Céline Dion announced Monday that she will be ending her Las Vegas residency after eight years. She is set to perform 28 shows at the Colosseum at Caesars Palace before officially ending her run June 8, Rolling Stonereports.
The pop icon revealed her "mixed emotions" about her final stint in Vegas in a Facebook statement. "Las Vegas has become my home and performing at the Colosseum at Caesars Palace has been a big part of my life for the past two decades," said Dion. "It's been an amazing experience, and I'm so grateful to all the fans who have come to see us throughout the years."
Dion has performed 1,089 shows at Caesars Palace. Her first residency, A New Day ... , began in 2003 and was a massive hit, helping to launch what Forbesonce called the "residency boom," as performers flocked to Sin City to follow Dion's example and take over the strip for years at a time. The Canadian icon isn't the only diva now exiting the Las Vegas Strip — Britney Spears ended her five-year residency at Planet Hollywood last year, while Jennifer Lopez is gearing up to end hers after over two years.
Dion recently released a new song called "Ashes" for the Deadpool 2 soundtrack. But for drowning your sorrows over this news, your best bet is to cue up "My Heart Will Go On." Read more about Dion's final Vegas shows at Rolling Stone. Amari Pollard
If you want a guaranteed place in the historical record, tweet now or forever hold your peace.
For the last several years, the Library of Congress has archived nearly every tweet ever made. But this practice will soon come to an end, as the Library of Congress announced Tuesday that it would end its blanket collection of tweets at the beginning of the new year, The Hill reports.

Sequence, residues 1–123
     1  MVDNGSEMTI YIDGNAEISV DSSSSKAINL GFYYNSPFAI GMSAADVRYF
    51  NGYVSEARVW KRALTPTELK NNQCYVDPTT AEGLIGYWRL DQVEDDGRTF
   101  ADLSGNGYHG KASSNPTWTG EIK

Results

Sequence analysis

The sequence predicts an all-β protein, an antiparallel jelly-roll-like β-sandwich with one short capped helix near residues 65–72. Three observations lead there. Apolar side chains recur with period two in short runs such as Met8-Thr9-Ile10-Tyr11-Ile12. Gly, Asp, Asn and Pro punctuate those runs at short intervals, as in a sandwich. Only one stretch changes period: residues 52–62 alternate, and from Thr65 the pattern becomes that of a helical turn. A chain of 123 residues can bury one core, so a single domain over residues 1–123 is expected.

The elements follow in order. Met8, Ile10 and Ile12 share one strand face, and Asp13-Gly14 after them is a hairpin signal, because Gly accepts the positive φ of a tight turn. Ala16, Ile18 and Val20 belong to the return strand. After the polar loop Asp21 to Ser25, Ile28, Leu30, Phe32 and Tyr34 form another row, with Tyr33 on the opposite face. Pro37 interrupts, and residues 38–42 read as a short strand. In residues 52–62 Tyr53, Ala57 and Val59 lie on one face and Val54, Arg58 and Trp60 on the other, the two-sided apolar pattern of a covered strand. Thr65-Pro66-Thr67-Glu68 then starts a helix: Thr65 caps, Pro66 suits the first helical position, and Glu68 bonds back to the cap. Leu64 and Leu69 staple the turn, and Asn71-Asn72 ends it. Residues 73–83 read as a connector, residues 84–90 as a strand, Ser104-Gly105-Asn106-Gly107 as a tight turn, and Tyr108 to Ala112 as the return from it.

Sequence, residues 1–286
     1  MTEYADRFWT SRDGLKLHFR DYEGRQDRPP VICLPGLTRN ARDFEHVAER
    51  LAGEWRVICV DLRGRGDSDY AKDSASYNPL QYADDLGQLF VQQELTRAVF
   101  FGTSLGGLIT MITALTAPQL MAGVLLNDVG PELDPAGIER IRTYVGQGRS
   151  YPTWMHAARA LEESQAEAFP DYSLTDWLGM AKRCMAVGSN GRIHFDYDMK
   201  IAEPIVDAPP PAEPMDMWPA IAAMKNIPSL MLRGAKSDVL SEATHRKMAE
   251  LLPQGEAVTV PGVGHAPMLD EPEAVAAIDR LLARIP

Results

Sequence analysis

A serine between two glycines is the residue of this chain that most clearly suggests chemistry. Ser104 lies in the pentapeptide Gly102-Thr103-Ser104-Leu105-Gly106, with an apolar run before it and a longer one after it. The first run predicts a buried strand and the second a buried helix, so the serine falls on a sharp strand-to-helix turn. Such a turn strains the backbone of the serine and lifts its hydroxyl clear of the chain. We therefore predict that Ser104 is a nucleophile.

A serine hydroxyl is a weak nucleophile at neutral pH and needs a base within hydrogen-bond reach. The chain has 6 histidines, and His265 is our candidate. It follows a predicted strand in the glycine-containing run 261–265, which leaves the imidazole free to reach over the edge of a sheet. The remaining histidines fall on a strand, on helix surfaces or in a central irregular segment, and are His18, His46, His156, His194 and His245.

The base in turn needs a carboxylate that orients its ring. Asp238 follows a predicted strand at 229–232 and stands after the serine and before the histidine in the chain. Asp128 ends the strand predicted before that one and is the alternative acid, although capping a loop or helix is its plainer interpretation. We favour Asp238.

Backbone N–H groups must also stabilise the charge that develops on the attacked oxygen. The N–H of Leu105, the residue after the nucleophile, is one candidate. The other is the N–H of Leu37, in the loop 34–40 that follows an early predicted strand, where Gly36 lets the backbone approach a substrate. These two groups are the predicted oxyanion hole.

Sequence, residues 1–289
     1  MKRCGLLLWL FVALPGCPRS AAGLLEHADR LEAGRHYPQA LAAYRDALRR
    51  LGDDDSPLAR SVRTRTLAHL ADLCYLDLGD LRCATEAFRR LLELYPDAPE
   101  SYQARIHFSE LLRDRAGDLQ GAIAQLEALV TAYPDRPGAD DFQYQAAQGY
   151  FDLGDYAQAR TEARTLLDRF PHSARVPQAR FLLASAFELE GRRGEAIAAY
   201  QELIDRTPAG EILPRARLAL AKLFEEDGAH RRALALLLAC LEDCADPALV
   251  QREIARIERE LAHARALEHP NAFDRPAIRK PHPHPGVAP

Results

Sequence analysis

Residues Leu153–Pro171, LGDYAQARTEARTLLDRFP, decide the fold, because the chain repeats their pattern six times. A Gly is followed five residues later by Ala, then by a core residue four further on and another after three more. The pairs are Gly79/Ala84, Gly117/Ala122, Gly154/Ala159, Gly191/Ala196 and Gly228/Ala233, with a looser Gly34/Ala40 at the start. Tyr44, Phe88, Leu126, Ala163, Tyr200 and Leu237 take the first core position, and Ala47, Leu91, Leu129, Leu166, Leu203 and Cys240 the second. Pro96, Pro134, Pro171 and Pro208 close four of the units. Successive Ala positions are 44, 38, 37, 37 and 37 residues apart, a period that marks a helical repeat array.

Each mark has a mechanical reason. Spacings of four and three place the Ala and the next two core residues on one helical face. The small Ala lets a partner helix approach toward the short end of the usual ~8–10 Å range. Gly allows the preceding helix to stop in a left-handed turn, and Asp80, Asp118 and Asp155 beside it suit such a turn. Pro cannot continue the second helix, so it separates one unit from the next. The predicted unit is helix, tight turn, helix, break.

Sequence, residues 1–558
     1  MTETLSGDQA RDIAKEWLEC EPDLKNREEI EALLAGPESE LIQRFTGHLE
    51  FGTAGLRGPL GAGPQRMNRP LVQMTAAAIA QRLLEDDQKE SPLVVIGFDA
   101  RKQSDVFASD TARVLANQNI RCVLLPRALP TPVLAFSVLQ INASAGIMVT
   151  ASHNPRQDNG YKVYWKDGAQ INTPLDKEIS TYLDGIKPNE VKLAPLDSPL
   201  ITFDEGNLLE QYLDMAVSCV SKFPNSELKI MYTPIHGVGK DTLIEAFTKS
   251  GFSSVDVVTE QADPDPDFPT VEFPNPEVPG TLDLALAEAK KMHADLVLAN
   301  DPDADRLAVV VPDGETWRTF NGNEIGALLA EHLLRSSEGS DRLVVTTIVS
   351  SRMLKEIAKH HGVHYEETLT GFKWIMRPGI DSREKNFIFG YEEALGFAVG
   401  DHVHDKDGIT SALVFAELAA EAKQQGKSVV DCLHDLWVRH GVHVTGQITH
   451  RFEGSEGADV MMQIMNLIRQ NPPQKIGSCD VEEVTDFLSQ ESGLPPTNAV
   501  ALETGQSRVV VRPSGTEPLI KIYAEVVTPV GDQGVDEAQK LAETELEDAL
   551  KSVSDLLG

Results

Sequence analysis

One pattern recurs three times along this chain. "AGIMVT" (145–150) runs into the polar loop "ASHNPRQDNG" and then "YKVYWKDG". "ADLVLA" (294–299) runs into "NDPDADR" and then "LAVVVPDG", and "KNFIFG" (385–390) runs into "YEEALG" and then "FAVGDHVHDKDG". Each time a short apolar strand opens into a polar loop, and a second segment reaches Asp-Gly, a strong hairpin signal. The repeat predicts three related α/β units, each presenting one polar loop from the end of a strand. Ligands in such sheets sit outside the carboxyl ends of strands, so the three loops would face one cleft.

Back in 2010, when Twitter was not an omnipresent part of the human experience, the Library of Congress and Twitter agreed to create an archive of all publicly available tweets to capture "the emergence of online social media." In a press release, the library said Tuesday that "the nature of Twitter has changed" and cited Twitter's new 280-character limit, an increased frequency of tweeting, and the rise of non-text tweets to conclude that nearly 12 years of tweets — from Twitter's inception in 2006 until the end of 2017 — is more than enough for future scholars to pore through.
The library is now only interested in tweets with "event-based" merit or tweets related to "themes of ongoing national interest." Tweets about your annoying little brother or what you had for lunch are thus no longer fit for the nation's digital archives.
There is however, one small flaw in the collection process; the Library of Congress only takes text-based tweets, so posts like President Trump's recent retweet of a bloodied CNN logo splattered on his shoe don't make the cut. Kelly O'Meara Morales